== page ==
In Steinbeck's Of Mice and Men, what are your feelings and reactions about George and Lennie?  

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William Delaney eNotes educator| Certified Educator

The story is about two itinerant farm laborers who have a dream of owning their own home with a couple of acres where they could raise their own food and be independent. It could not have been about a male and female bindlestiff because there were no female itinerant farm laborers at that time. Steinbeck must have realized that he had a plot problem. How would it look for two men to be dreaming of sharing a home together? It would look as if they probably had a homosexual relationship. The normal scenario, not only in Steinbeck's time but going all the way back to ancient Egypt and Babylonia, was for a man and a woman to own a farm together and to have children who would work on the farm and take care of them in their old age. A good fairly modern example of this is Norwegian Noble prize-winner Knut Hamsun's great novel Growth of the Soil.

Steinbeck came up with the idea of making one of the two main characters mentally retarded. This would help to explain why George was willing to share a little subsistence farm with him. Steinbeck made Lennie exceptionally strong in order to show that he would not be a total liability but could do more than his share of the heavy work. An important collateral advantage of making Lennie feeble-minded was that George would have to explain everything to him and sometimes explain it all over again; while in the meantime he would be explaining everything to the reader and the audience.

According to the enotes Introduction in the Study Guide, Steinbeck intended to turn his story into a stage play. It can be seen that the novella reads almost like a "treatment." It is extremely short. I has only a few very simple sets--a bunkhouse, a barn, and Crooks' room. Most importantly, there is a heavy reliance on dialogue, which would make it easy to convert the novella to a play. There is hardly any prose exposition; the exposition is conveyed in the form of dialogue. As good example is the story George tells his retarded friend in the opening chapter.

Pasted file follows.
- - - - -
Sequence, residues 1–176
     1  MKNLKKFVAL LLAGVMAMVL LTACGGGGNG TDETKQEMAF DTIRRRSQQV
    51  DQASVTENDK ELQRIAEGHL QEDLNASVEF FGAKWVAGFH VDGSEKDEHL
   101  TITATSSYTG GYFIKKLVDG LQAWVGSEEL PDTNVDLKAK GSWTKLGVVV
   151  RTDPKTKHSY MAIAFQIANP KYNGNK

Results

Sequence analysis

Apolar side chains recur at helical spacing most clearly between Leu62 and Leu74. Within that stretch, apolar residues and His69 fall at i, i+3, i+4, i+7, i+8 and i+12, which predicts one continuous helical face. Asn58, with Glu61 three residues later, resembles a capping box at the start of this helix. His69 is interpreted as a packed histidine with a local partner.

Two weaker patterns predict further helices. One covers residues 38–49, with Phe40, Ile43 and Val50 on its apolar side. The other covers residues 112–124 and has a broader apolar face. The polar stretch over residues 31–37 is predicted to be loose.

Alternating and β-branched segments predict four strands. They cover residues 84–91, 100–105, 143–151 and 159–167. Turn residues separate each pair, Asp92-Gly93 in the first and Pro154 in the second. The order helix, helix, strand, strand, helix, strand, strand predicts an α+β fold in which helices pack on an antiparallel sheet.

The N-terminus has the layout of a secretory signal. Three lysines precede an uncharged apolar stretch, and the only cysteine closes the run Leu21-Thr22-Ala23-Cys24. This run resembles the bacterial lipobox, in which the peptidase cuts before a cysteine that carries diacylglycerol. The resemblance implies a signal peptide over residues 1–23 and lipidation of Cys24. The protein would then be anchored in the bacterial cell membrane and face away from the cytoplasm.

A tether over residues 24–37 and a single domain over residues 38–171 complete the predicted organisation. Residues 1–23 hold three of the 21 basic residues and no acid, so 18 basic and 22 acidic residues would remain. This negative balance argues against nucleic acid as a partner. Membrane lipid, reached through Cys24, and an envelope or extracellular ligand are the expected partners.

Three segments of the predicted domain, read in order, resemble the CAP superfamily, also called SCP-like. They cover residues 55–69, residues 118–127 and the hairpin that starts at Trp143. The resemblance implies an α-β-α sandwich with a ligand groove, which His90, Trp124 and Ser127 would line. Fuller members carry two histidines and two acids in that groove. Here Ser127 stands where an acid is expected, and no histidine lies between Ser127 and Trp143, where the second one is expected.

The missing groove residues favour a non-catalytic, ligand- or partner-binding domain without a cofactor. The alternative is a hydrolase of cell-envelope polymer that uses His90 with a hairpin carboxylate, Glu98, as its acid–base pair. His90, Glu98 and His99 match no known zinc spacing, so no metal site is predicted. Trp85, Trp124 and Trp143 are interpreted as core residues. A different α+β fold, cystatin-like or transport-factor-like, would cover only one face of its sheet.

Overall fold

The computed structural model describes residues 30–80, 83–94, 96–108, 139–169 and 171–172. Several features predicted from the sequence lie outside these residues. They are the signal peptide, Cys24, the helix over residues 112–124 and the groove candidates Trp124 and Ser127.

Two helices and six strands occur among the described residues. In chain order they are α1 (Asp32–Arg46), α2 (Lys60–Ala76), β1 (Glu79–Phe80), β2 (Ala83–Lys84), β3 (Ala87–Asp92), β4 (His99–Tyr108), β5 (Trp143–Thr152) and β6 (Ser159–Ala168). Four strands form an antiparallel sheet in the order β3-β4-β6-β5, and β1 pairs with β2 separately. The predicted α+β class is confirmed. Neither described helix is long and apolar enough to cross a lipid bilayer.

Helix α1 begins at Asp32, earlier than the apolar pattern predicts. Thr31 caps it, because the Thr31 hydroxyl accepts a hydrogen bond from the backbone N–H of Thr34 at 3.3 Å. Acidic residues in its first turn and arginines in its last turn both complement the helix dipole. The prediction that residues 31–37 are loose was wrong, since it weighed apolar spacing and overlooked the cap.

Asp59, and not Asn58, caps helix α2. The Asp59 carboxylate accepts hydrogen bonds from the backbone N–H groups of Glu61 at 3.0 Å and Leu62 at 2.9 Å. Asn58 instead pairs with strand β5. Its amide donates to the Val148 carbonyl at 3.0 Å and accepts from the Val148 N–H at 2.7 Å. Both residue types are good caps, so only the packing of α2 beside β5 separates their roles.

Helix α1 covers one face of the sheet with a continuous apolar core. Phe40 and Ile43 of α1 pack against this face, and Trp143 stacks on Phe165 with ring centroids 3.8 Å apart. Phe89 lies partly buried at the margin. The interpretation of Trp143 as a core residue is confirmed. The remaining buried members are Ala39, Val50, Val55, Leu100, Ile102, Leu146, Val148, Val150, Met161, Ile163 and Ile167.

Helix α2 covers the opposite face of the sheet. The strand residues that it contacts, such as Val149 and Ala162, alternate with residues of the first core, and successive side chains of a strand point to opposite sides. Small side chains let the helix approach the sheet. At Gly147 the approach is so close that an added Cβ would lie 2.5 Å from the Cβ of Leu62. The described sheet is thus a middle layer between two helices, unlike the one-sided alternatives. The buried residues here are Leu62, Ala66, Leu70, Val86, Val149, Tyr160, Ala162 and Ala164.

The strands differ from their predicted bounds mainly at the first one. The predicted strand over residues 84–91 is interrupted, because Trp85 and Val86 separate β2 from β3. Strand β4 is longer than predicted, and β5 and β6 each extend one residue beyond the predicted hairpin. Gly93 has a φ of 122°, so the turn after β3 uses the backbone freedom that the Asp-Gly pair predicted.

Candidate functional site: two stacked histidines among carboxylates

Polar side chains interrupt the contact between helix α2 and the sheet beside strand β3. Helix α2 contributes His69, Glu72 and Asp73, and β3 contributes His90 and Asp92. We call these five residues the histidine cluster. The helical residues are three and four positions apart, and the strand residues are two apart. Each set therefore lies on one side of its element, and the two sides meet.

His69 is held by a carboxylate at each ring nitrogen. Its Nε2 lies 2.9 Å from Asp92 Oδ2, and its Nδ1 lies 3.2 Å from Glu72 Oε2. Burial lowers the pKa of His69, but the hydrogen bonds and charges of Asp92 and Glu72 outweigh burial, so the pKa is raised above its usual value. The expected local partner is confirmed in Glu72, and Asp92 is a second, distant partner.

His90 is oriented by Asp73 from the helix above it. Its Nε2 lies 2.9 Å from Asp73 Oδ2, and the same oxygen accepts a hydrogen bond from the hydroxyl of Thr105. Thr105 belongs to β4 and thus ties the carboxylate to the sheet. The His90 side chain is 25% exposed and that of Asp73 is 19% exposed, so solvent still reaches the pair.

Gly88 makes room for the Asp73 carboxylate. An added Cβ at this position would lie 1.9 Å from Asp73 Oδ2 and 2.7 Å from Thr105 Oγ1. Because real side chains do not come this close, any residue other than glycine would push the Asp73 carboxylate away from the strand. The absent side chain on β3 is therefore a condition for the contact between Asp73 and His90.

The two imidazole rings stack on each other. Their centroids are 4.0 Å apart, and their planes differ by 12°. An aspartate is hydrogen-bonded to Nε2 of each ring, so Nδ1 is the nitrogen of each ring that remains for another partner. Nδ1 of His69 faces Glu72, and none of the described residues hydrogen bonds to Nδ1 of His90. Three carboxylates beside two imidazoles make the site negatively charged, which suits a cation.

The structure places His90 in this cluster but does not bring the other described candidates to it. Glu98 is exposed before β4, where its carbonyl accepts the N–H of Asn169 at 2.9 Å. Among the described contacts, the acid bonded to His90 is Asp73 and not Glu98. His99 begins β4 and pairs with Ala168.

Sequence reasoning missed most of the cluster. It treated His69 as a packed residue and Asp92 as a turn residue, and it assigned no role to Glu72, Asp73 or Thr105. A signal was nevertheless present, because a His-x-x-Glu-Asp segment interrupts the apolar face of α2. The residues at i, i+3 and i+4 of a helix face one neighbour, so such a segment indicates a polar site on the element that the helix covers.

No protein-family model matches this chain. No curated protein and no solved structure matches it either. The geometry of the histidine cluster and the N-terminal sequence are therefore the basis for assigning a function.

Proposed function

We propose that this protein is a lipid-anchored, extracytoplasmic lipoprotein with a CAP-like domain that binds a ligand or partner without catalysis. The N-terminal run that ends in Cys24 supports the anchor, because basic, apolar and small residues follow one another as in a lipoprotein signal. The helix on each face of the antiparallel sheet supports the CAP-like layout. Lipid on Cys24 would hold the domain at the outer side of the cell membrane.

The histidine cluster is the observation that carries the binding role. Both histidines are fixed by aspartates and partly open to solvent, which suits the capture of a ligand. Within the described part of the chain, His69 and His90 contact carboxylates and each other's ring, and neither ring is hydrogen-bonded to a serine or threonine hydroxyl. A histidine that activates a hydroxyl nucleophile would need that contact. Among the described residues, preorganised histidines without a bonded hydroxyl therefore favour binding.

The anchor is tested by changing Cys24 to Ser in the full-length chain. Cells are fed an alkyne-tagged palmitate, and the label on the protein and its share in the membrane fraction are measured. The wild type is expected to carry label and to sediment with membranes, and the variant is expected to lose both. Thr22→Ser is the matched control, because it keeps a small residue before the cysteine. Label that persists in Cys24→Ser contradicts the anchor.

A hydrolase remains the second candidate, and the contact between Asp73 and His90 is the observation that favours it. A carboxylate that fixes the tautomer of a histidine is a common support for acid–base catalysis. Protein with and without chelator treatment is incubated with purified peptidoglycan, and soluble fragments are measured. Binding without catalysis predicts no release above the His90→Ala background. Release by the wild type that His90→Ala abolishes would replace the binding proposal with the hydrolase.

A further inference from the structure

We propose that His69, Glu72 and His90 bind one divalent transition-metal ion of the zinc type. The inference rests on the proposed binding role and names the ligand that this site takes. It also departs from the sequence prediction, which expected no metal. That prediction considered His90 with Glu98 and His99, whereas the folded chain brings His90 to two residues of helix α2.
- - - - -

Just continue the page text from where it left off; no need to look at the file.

"Guys like us, that work on ranches, are the loneliest guys in the world. They got no family. They don't belong no place. They come to a ranch an' work up a stake and then they go into town and blow their stake, and the first thing you know they're poundin' their tale on some other ranch. They ain't got nothing to look ahead to."

I feel sympathy for these bindlestiffs, but I can't help feeling that their dream is fatally flawed. If they did manage to buy that farm they would be able to raise their own food, but they would have nothing but food and shelter. It would not only be a boring existence, but they wouldn't have a penny to buy anything they couldn't raise themselves. They would need shoes and clothing. They would need seeds and fertilizer. They couldn't sell any of the vegetables or animals they raised, or any of their eggs or milk, because everybody else in the region would have the same things in abundance.

The only way they could get their hands on some cash money would be to work for other people. Most likely they would pick fruit during the summer months--which would mean that they were only semi-independent and would have to work harder than ever, because they would have to tend to their own farm while they were working for others.

The story doesn't really illustrate Steinbeck's thesis that the best laid plans of mice and men get twarted. By turning one of his two characters into a potentially homicidal retard, he is setting it up for the plan to fail.